Deep Pockets

DSC_0944Dave writes about his experience of heading to his site for the first time:

I just finished up a week of in-country orientation in Johannesburg with eight other YAGM companions, and our fearless leader, Tessa and her family. On Friday [the 29th of August], all of us departed our separate ways to our new home communities across the country; I traveled to Thohoyandou (8 hours north-east by bus from Jo-Burg). For the first time on this journey I felt alone, vulnerable, nervous, afraid, and anxious all at the same time, traveling alone in this vast country. I should also note there were a couple of unknowns before arriving to Thohoyandou, for instance, I did not know whom I would be staying with this year until I would arrive.

There were many stops before my final destination, and at the Pretoria station I still had an open seat next to me. An elder South African woman asked if she could sit next to me, I said, “Yeah, of course!” in a nervous/quiet voice. She smiled and sat down. From the first second she sat down, my feeling of aloneness, vulnerability, nervousness, afraid, and anxiousness were evaporated from my body. Even though we barely spoke to each other, I felt a connection of compassion and protection from her. She kept her hands in her pockets the entire ride, unless she needed something. She would take out a new thing every time; there was money, her bus ticket, Chap Stick, her phone, and even a salt packet for her Wimpy Fries. But most importantly in her pocket was a security blanket of comfort for a newcomer to this part of the world and brought it out when I was clearly struggling. She showed me a bright true side of South Africa, and how welcoming, hospitable, and friendly this place really is. I hope to pass on this characterization throughout my year here in South Africa, and have Deep Pockets of compassion and accompaniment.

 

A YAGM Year

DSC01233As her year begins, Hannah shares what the YAGM year is all about:

A YAGM (Young Adults in Global Mission) year is a year that encompasses many things. First, it is a year of accompaniment, which the ELCA (Evangelical Lutheran Church in America) defines as: “walking together in solidarity that practices interdependence and mutuality. In this walk, gifts, resources, and experiences are shared with mutual advice and admonition to deepen and expand our work within God’s mission.” Accompaniment is being in community with the people around you and allowing life to happen naturally. There is no leader and no follower, but we each are moving together through our journeys. Accompaniment can take all forms. You can accompany someone by having a conversation (ingxoxo in Zulu), going to church with them, laughing with them, crying with them, praying for them, or sending them letters. Each person who reads this is accompanying me on my journey. Everyone at home who sends me their love and support is accompanying me. And as a Young Adult in Global Mission I have agreed to live in accompaniment (solidarity, mutuality, and interdependence) with my community in South Africa. And, in all of this, Christ accompanies all of us on our journeys in life. As we walk, there is God our Parent walking beside us. As we weep, Jesus weeps with us. The Holy Spirit works alongside us as we go through life. This is accompaniment.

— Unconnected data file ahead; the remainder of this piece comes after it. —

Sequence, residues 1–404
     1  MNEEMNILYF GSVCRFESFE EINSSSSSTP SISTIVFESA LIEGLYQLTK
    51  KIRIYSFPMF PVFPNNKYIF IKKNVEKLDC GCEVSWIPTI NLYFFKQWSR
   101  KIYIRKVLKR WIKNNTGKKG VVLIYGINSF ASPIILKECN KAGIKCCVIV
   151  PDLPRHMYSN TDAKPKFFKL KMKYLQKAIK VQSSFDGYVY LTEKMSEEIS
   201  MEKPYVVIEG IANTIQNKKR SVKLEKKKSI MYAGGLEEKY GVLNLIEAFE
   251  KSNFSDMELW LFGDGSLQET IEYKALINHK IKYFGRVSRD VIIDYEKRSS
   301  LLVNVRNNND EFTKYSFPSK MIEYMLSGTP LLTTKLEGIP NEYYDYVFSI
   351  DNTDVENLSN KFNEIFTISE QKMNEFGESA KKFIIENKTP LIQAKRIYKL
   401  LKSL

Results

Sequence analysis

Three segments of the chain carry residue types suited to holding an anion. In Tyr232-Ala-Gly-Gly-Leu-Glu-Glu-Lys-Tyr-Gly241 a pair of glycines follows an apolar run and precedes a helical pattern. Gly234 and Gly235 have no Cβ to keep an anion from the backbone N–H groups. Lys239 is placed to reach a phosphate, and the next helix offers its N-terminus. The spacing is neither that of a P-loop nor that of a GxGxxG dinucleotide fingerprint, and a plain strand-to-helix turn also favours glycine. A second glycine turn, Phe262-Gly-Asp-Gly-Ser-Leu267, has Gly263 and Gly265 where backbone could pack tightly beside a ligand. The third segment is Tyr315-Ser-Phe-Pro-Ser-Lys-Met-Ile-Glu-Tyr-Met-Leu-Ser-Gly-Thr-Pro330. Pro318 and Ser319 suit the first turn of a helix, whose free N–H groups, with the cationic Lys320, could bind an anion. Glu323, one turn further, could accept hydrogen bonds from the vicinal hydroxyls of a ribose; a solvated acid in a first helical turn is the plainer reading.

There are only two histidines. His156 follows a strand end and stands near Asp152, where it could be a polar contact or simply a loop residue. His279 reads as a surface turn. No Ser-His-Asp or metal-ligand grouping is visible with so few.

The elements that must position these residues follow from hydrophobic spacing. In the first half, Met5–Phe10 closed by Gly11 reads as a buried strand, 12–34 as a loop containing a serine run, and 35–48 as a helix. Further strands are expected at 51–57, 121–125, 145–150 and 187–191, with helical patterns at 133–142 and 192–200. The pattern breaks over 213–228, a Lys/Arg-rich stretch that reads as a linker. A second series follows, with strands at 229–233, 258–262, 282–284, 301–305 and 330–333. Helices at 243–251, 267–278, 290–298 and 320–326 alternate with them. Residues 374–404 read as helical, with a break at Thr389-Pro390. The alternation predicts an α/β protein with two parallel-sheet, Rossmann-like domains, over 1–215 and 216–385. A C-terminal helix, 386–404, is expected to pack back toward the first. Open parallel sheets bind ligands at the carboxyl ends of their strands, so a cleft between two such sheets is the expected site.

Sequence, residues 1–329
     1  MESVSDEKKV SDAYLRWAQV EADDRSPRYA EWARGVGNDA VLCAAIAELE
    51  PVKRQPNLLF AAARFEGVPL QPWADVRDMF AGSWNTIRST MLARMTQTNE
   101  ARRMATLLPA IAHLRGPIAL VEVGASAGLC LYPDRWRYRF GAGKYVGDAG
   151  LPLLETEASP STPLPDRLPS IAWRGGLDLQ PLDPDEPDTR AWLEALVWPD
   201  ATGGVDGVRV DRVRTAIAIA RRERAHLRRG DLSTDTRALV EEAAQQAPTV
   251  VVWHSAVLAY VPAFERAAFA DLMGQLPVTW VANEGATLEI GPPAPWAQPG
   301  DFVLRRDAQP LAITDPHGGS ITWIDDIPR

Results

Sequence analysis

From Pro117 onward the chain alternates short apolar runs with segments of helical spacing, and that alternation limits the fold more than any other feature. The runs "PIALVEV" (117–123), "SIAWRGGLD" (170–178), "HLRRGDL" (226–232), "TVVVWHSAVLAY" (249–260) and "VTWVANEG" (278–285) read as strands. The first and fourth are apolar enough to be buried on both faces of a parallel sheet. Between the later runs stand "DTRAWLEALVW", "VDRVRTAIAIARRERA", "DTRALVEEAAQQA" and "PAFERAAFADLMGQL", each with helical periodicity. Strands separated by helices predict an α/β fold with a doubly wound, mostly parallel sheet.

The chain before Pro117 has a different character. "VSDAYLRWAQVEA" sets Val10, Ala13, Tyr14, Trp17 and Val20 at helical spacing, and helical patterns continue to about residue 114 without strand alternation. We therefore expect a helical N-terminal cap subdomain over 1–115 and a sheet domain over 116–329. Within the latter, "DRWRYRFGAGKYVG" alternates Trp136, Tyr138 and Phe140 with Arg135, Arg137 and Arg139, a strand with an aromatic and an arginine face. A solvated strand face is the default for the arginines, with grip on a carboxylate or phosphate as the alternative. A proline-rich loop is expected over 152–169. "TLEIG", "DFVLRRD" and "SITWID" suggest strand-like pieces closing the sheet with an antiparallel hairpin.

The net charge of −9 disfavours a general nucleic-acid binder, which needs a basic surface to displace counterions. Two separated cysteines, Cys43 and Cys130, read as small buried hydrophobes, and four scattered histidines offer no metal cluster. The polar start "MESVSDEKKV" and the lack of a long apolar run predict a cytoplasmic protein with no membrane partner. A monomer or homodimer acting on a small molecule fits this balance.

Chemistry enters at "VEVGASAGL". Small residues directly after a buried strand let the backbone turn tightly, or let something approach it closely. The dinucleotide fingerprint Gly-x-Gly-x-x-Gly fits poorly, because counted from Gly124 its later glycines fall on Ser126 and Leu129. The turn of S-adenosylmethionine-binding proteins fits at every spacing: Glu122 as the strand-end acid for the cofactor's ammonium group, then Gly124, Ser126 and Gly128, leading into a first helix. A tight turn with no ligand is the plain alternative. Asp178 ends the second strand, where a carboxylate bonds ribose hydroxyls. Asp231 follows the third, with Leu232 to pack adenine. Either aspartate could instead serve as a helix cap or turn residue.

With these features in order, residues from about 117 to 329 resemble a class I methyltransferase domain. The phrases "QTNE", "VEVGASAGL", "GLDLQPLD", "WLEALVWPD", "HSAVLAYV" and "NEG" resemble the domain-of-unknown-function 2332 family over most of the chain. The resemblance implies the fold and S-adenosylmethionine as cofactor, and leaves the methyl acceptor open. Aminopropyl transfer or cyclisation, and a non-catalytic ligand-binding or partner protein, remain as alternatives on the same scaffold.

A YAGM year is also a year of vulnerability. This year I will be making myself vulnerable to my community in South Africa, my fellow SA YAGMs, and to the world at large. In this vulnerability I may feel weak and unprotected, but it will give me so much more room to grow and feel genuine love and compassion for those around me. During orientation in Chicago we spoke about being a servant and becoming vulnerable in servanthood. It is one thing to serve others, but quite another to become a servant. Serving others still allows some measure of control (deciding who, when, where and how to serve), but becoming a servant eliminates that control and makes a person truly vulnerable in that embodied service.

Fourth, this is a year of simple living within a community.  As part of accompaniment I have agreed to live on a small stipend and have limited phone and internet access. I will budget with that stipend for everything that I will need, and I will live as a part of my community. Through a year of simple living I hope to learn what it is we really need to nourish our souls: a roof over our heads, an offer of food from a stranger, communion, compassion.

In this year I will be challenged to get outside of my comfort zone so that I can grow in mind, body, and spirit. Allowing myself to be challenged will help me grow in faith and better understand who I am. This is a year of discernment where I will learn more about myself and who I want to become through these challenges. I hope and pray to come out of this year having a better idea of what I could be both in my career as well as spiritually.

My YAGM year is a year of both learning and making mistakes. I want to look at the world with wonder and simply take in all that I can take in. I want to learn the languages that are spoken around me and the way people speak to one another. I want to learn the history of South Africa and the reasons for how we got to where we are today. I also know I will make mistakes along the way, which I cannot say will be easy for me. However, I will make mistakes and from those mistakes will learn how to better live in community and accompaniment with my neighbors.

Lastly, a YAGM year is a year of stories. There are stories that we tell and stories that we hear. We have stories of ourselves and we listen to stories of others and to God’s story. As these converge we have the story of us, and that is the most beautiful one of all. This year I hope to better understand this story of us and begin to learn how to tell it with joy, love, hope, peace, understanding, and thoughtfulness.